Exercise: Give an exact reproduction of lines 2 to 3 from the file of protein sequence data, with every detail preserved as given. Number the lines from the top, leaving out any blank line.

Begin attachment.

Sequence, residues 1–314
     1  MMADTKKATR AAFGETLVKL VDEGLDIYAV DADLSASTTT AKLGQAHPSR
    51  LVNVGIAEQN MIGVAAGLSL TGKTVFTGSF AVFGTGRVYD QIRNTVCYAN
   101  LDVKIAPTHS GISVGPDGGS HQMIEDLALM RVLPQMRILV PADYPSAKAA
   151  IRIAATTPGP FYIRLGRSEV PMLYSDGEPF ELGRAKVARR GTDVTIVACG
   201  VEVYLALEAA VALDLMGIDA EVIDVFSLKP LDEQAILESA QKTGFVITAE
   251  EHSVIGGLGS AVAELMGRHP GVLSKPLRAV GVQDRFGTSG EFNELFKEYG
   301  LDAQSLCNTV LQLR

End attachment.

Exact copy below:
     1  MMADTKKATR AAFGETLVKL VDEGLDIYAV DADLSASTTT AKLGQAHPSR
    51  LVNVGIAEQN MIGVAAGLSL TGKTVFTGSF AVFGTGRVYD QIRNTVCYAN